Let’s live together in peace

16th May is International Day of Living Together in Peace

 

Ranjan K Baruah

Peace is integral part of development as without peace development and sustainable change is not possible. Living in peace amongst communities is some time a challenge in places where there are conflicts or other forms of violence. Be it war or conflicts both effects human being from different perspectives. Conflicts or wars take place amongst different communities or amongst nation. In this regard living together in peace is all about accepting differences and having the ability to listen to, recognize, respect and appreciate others, as well as living in a peaceful and united way.

 

We have seen two devastating wars which killed millions and destroyed many things. Second World War one of the devastating wars ever fought on earth. Following the devastation of the Second World War, the United Nations was established to save succeeding generations from the scourge of war. One of its purposes is to achieve international cooperation in solving international problems, including by promoting and encouraging respect for human rights and for fundamental freedoms for all without distinction as to race, sex, language or religion.

 

The UN General-Assembly, in its resolution 72/130, declared 16 May the International Day of Living Together in Peace, as a means of regularly mobilizing the efforts of the international community to promote peace, tolerance, inclusion, understanding and solidarity. The Day aims to uphold the desire to live and act together, united in differences and diversity, in order to build a sustainable world of peace, solidarity and harmony.

 

In 1997, the General-Assembly proclaimed – by its resolution 52/15 — the year 2000 as the “International Year for a Culture of Peace”. In 1998, it proclaimed the period 2001-2010 as the “International Decade for a Culture of Peace and Non-Violence for Children of the World.” In 1999, The General-Assembly adopted, by resolution 53/243, the Declaration and Programme of Action on a Culture of Peace, which serves as the universal mandate for the international community, particularly the United Nations system, to promote a culture of peace and non-violence that benefits all of humanity, including future generations.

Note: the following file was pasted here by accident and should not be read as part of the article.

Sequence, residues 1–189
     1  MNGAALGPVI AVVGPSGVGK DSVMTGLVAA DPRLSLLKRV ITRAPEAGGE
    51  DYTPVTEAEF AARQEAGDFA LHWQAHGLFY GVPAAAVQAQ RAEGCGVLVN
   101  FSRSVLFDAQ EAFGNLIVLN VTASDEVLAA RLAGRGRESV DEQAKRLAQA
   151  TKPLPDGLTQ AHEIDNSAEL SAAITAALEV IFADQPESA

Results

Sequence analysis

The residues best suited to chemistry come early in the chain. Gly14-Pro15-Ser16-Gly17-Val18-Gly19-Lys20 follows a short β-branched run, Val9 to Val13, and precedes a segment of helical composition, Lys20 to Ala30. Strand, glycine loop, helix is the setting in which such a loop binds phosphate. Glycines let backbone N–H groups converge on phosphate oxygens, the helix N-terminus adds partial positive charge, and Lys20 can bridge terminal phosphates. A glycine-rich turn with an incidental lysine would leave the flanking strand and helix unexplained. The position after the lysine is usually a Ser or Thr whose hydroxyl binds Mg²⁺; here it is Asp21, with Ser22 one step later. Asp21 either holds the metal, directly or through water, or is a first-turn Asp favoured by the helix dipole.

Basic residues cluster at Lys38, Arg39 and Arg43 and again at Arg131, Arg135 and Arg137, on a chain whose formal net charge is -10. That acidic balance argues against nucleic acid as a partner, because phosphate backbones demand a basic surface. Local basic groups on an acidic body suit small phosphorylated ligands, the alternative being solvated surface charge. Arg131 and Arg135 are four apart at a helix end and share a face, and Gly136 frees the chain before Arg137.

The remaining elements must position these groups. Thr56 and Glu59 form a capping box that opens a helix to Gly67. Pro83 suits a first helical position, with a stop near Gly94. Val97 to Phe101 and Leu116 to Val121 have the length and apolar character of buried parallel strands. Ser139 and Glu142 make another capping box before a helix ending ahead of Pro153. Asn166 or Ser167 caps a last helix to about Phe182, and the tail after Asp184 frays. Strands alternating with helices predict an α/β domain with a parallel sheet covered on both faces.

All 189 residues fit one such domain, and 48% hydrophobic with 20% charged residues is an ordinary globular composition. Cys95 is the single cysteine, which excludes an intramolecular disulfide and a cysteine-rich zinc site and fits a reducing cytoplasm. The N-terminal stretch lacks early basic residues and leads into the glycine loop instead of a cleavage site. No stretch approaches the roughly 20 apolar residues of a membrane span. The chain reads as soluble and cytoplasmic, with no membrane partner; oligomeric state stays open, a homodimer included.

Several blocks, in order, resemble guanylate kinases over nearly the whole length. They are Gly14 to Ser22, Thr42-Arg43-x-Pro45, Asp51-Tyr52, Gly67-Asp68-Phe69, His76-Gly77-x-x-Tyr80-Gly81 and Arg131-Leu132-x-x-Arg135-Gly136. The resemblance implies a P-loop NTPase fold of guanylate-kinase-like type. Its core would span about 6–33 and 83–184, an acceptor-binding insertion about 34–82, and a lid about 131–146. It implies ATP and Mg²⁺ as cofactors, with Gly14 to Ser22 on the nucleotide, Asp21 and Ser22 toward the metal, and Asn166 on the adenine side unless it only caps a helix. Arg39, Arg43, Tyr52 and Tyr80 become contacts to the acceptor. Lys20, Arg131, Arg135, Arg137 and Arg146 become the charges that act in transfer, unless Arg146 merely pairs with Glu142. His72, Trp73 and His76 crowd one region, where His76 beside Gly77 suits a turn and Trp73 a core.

The declaration came about as a result of the long-held and cherished concept — contained within the Constitution of UNESCO — that “since wars begin in the minds of men, it is in the minds of men that the defenses of peace must be constructed.” The Declaration embraces the principle that peace is not merely the absence of conflict, but also requires a positive, dynamic participatory process, in which dialogue is encouraged and conflicts are resolved in a spirit of mutual understanding and cooperation. The Declaration also recognizes that to fulfill such an aspiration, there is a need to eliminate all forms of discrimination and intolerance, including those based on race, colour, sex, language, religion, political or other opinion, national, ethnic or social origin, property, disability, birth or other status.

 

This day invites countries to further promote reconciliation to help to ensure peace and sustainable development, including by working with communities, faith leaders and other relevant actors, through reconciliatory measures and acts of service and by encouraging forgiveness and compassion among individuals. It is the responsibility of each and every one of us to make sure that peace prevails and there is no violence.

 

Living together in peace is possible when each and every one of us is committed to make a difference. Roles and responsibilities of different actors are different when it comes to maintain peace. In the absence of peace and if there is any conflicts or violence then women and children suffers most. This day brings an opportunity to think about engagement of different actors when it comes to maintenance of peace in society. Living together in peace is must to achieve sustainable development goals.

 

(With direct inputs from UN publication and feedback may be sent to bkranjan@gmail.com)